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Friday, Dec 13, 2002

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SIDBI plans to hive off micro-credit foundation

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According to the Chairman of SIDBI, the Rs 100-crore fund was considered insufficient to meet the ever growing micro-finance needs of the rural segment, and hence the decision to form a separate company.


THE Small Industries Development Bank of India (SIDBI) plans to hive off the Rs 100-crore SIDBI Foundation for Micro Credit (SFMC), a department providing micro-finance services to rural poor, into a separate private company.

Addressing the two-day national workshop on "Key dimensions in transformation — from NGOs to formal institutions" being organised by SIDBI, at the Indian School of Business (ISB) here on Thursday, the SIDBI Chairman, Mr P.B. Nimbalkar, said the move to hive off SFMC was aimed at meeting the increasing demands of rural poor for micro-finance.

According to him, the Rs 100-crore fund was considered insufficient to meet the ever growing micro-finance needs of the rural segment, and hence the decision to form a separate company. The new entity would raise further capital towards meeting the demands of rural borrowers.

Mr Nimbalkar said that SIDBI had recently appointed a leading consultancy group to study the various options in the market and work out a strategy for SFMC in the changing environment.

SFMC is currently engaged in providing services such as on-lending fund support and need based capacity building support to its partner micro-finance institutions (MFIs) to enable them become self sustainable in due course. The fund has of late introduced new products such as transformation loan and short-term loan for liquidity management, Mr Nimbalkar said.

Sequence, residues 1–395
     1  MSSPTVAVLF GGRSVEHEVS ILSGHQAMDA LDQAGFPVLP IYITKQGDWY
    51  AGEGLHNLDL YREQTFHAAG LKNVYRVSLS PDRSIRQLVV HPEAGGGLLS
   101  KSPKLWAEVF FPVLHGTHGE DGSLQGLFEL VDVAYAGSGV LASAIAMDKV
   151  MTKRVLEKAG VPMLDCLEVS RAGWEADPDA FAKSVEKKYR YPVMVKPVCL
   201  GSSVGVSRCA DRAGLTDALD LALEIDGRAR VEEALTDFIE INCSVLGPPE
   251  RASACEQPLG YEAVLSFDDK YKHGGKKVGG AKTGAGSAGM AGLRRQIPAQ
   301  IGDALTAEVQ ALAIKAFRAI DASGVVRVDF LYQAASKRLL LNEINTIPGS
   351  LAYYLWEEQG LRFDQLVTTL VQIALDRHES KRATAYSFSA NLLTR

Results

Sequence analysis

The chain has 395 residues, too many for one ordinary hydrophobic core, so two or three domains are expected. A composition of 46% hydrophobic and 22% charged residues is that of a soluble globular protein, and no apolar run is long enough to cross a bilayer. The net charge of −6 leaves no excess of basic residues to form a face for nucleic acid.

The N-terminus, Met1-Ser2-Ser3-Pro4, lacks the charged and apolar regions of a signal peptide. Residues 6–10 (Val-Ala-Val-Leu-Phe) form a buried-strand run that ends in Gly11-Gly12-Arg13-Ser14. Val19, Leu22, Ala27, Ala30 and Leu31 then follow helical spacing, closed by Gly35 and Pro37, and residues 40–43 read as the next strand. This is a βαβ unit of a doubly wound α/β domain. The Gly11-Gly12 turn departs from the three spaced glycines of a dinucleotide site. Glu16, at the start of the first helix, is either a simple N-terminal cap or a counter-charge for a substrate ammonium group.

Stating that the operations and activities of SFMC registered significant growth during the last three years, Mr Nimbalkar said, "This has been possible as we have freed ourselves from the shackles of conventional lending and have adopted a pro-active and goal driven approach."

Mr Nimbalkar stressed the need for innovation in product structuring and delivery channels if micro credit services were to reach a larger number of poor. SIDBI was currently exploring new areas such as link between micro-finance and sustainable environment and expects this exercise to result in throwing up ideas and questions for consideration by the policy-makers and micro-finance providers in the country.

Stating that timely availability of credit and a degree of freedom on the end use of funds were the two significant aspects to be taken care of while designing credit services for the poor, Mr Nimbalkar said NGOs and MFIs would emerge as potent intermediaries for delivery of micro- finance services in the country.

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